So a funny thing happened last week… I filmed a TV show. And not just a little guest appearance. This was a week long shoot for a pilot that could be potentially picked up by a major network. I’ve gotten a lot of questions from people asking about my experience so I figured I’d share how it happened and how it went.
When One TV Turns Off Another Turns On
In the 5+ years I’ve been running my channel, I’ve gotten a handful of requests from production companies to apply to be a contestant on a show or even host a show. It’s actually pretty common so I’m not unique with that. But I mean… how could networks resist this extremely tired looking, middle-aged (crap… I am middle-aged) face? A few weeks before I was very excited about a callback on a Travel channel style show. What’s more exciting to a person who’s been homebound for a year than a show that lets you travel around the country? Ultimately, that dead ended. As did my dreams…
But as Fergie has taught us, we should work on our fitness and blow kisses or something like that. Also, Fergie has taught us we should spell words often in songs. Adamlicious. A to the D, to the A, to the M. L-I-C-I-OUS! Please stop.
That’s when I got a DM, not a spam email, asking if I’d be interested in being part of a new TV show. Sure enough, my business partner Raechal, from The Builders Challenge got a similar DM asking if we’d be interested in being part of a kitchen restoration show. The initial conversation we had was that it was a competition show pitting teams against each other for a kitchen install. That wasn’t the case. While Raechal and I have been business partners the last few years, we’re not renovation partners and we’d definitely get our asses handed to us on a competition show. But we agreed to hear more about it.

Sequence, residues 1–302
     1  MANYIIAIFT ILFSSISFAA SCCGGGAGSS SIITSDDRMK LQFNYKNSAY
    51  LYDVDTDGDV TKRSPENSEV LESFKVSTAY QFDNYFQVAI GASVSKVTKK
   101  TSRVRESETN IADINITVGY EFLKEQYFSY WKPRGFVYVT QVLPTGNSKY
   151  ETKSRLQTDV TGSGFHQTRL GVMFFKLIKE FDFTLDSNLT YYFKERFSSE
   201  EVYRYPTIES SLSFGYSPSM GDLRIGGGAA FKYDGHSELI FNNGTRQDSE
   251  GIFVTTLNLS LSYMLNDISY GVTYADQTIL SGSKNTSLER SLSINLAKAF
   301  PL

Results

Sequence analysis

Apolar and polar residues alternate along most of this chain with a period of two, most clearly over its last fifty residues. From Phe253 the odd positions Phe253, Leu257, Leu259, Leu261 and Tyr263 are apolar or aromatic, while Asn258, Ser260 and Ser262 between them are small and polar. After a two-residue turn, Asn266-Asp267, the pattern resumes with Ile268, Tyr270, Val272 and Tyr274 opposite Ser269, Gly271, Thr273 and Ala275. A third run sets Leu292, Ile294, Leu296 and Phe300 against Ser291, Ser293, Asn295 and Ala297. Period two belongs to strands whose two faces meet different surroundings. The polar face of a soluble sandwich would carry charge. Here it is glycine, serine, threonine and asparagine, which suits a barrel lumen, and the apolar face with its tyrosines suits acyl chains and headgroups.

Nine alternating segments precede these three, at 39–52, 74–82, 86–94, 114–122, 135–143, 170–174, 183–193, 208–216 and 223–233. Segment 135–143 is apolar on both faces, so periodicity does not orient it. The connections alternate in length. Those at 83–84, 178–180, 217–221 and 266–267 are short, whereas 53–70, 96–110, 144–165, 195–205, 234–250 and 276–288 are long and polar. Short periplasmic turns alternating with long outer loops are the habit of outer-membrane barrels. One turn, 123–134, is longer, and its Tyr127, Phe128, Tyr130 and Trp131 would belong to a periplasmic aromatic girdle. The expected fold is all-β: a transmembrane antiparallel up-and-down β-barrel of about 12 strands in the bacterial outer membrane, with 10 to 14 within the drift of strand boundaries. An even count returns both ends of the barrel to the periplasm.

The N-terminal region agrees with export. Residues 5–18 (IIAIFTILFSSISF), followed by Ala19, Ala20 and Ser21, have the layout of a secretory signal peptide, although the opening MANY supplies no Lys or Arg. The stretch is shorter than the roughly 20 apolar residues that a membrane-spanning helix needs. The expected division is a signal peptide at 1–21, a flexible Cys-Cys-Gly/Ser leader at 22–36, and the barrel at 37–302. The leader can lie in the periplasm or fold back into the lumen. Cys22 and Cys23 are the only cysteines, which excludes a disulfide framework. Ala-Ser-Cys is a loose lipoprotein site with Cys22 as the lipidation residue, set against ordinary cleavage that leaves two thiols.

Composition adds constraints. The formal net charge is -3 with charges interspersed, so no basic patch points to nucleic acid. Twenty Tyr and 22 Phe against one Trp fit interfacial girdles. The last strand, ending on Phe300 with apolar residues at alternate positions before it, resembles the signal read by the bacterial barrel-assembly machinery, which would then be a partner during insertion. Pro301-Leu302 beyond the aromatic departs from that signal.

Wait, It’s A Hunting TV Show?
When the first call was scheduled, I was excited because a few of my internet friends were also included. Sarah from Tool Girls Garage and Rob from Ginger Woodworks. Then also… Hal Shaffer. He’s the co-host of the popular Outdoor Channel Hunting Show DropZone TV. Wait what? Turns out, this was not a competition show. This was a renovation show where they were assembling a team of woodworkers and DIY’ers to flip a hundred year old cabin that was being used as the headquarters by the DropZone TV crew for their filmed hunts. Interesting.
Quick side note. I grew up in rural Virginia. I learned to shoot and hunt from dad, but more importantly I have a ton of fond memories spending time with my family going to deer camp every season. I was also a shooting instructor during the summers at 4-H camp (where I met my wife!) where I’d teach kids how to respect and safely use firearms. I’m not here to politicize or argue guns or hunting, but it is part of my upbringing. With that said, Hal (our host) and crew are hunters and this renovation project is for a hunting cabin. There wasn’t any hunting in the show, but it runs tangential.
How To Video Conference A Renovation